Objavljeno u kategoriji English na 06.05.2019 14:20:00

Is the Balkans region turning towards the Eurasian instead of European Union?

Dodik, Erdogan, Dzaferovic in Ankara

By: Muharem Cero and Armin Aljovic

(Patria) – There have been very few periods in post Dayton Bosnia and Herzegovina in which, in such short time, several critical events for the country took place, as it happened in the last two weeks – from Dodik's visit with Vatican, the meeting of Western Balkans leaders in Berlin, to the visit of Dodik and Dzaferovic with the influential Turkish president Recep Tayyip Erdoğan in Ankara. 

All those events, separate and unrelated as they may seem, have got one common denominator – they all, individually and joined together, directly concern BH statehood.

The meeting in Vatican with Pope Francis ended with a debacle of Dodik's destructive politics in Bosnia and Herzegovina, at least as far as Holy See is concerned. The Berlin summit stance regarding BiH remains ambiguous; it did brush against BiH, yet it did not entirely distanced itself from it. It is likely to be due to the Serbia-Kosovo issue that surely has implications for BiH. For better understanding of impact of the Berlin discussions, one will have to await the upcoming meeting in Paris that has been announced as a sequence of the Berlin dialogue, only in a slightly narrower format.

Bosniak – Serb meeting with Erdogan, although the most recent of the events, may have the greatest influence on the future of Bosnia and Herzegovina, a historical one, we can say. The meeting in Ankara has hinted an alternative for Europe, not only for BiH but for the entire Western Balkans. The cost of Trump's indifference for the Balkans issues, and European indecisiveness coupled with its own internal problems, have created some sort of apathy of material in the political and human substance of the Balkans. British 'The Economist' refers to the Balkans as 'Europe's backyard'. And we know that the things not needed any longer are usually thrown away in the backyard.   

That's one way to explain growing rumors about Eurasian union opening its doors to BiH and the region - instead of European Union.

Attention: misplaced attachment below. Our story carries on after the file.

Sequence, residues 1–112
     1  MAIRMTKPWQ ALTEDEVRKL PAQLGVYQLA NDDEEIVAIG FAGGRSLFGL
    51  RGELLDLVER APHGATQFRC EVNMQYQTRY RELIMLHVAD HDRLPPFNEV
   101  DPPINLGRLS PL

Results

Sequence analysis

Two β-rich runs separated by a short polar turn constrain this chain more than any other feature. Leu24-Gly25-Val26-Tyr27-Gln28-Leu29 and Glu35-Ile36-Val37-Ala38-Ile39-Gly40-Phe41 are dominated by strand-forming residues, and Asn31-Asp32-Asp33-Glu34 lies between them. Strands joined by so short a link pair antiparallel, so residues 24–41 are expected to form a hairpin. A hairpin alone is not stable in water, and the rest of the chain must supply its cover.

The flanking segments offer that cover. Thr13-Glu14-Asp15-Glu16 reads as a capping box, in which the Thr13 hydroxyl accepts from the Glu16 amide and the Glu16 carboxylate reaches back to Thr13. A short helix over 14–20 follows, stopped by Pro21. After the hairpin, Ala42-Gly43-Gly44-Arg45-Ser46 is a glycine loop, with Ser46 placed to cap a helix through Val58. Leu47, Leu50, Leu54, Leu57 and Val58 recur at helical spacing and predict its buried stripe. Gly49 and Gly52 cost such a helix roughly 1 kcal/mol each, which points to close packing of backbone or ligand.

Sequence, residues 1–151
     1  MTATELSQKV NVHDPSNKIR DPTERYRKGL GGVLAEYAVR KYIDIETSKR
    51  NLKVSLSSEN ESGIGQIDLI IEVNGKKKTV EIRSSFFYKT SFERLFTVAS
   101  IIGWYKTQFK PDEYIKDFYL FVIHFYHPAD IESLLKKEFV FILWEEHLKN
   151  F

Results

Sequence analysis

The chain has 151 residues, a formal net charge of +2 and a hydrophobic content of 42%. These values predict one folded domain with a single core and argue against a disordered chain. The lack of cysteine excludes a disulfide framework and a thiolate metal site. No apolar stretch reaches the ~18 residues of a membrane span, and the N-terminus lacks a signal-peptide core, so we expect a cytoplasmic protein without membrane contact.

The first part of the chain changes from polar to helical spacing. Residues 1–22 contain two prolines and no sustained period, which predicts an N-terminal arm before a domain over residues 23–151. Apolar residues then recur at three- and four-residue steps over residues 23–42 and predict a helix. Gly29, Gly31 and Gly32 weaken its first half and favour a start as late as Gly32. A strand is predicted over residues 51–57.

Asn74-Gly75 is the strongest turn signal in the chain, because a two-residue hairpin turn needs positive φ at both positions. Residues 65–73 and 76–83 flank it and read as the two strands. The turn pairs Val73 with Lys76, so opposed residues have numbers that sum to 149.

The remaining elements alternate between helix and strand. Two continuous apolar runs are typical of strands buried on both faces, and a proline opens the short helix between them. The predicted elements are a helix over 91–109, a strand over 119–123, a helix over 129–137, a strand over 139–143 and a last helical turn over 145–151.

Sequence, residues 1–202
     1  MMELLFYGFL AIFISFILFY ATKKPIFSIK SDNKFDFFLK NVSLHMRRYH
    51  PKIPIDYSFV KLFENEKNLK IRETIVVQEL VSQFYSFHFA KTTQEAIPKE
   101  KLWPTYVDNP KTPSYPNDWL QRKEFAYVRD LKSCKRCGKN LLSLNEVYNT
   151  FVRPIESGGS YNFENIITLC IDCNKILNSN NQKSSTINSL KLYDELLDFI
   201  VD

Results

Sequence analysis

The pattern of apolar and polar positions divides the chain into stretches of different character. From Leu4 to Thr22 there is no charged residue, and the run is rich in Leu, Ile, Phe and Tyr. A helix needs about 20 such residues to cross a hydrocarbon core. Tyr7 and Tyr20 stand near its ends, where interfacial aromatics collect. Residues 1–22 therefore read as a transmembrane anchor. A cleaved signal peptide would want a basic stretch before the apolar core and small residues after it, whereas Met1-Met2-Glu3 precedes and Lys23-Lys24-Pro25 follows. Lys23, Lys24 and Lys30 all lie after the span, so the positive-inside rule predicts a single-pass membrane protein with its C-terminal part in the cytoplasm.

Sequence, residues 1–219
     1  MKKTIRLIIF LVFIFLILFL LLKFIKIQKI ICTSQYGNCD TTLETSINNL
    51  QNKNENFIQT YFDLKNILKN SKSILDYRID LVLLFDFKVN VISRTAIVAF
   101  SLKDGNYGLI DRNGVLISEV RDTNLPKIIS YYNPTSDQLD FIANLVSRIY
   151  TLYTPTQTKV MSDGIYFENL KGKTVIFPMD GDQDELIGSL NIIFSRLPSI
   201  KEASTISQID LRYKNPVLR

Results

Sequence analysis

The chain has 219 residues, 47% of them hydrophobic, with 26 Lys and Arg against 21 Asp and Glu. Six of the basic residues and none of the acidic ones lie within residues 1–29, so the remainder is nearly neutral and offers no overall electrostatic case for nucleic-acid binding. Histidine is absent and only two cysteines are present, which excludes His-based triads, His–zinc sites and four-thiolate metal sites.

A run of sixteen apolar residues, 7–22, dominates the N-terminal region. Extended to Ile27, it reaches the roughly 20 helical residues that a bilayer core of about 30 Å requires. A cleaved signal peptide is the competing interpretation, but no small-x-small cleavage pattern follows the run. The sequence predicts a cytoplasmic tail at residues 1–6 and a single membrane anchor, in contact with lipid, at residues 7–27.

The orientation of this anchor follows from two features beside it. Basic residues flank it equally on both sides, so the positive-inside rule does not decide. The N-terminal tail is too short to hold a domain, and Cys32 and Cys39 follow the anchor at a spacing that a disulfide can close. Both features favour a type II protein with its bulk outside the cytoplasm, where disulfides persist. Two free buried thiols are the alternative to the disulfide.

Such statement could be substantiated with Dodik's statement after the meeting with Erdogan:

'I strongly presented the stance as to why the Republika Srpska considers that entire BiH should be militarily neutral and there were no particular convincing that such attitude should be any different. I was convinced that Erdogan understood my point.'

Whether it related to changing of geopolitical course of BiH and the region, we will not have to wait long to find out. It will be announced when the NATO path for BiH is no longer a condition for forming the Council of Ministers BiH; instead, when the whole situation becomes 're-structured' in favor of Dodik's politics, who claims to have received some sort of understanding from the Turkish president.

It is no secret that powerful China, Russia and Turkey have entered the Balkans, both economically and politically. We're thinking Serbia, BiH (Bosniak-Serb element), unfinished story of Macedonia, even Montenegro. After all, Dodik has recently drawn up some maps for the new project, and he could be seen as some kind of a mini PR for some big powers.

Should things continue to settle in the way we describe, a new problem would surface in BiH. The recent quick reaction by Bozo Ljubic – who is also somebody's PR – suggests that so-called Croat factor does not count on the offered Bosniak-Serb scenario.

'We have to decide where we belong; rhetorically, we are part of Europe and we follow Euro Atlantic integrations. We cannot be nonaligned in this polarized world, Ljubic said in his commentary on the Ankara meeting.

The citizens of the Western Balkans are striving to have a better life. If the Balkans remains the EU backyard, some nondemocratic systems may move in that backyard and occupy it in its entirety.

Why should BiH in such ratio of power get the short end of the stick? Bosniak and Serb leaders could take one part of the country towards the east, while the Croat politicians could take their part to the west.

After all, isn't the Serb-Croat boundary on the territory of Bosnia and Herzegovina the unrealized dream of national politics of Belgrade and Zagreb?

 


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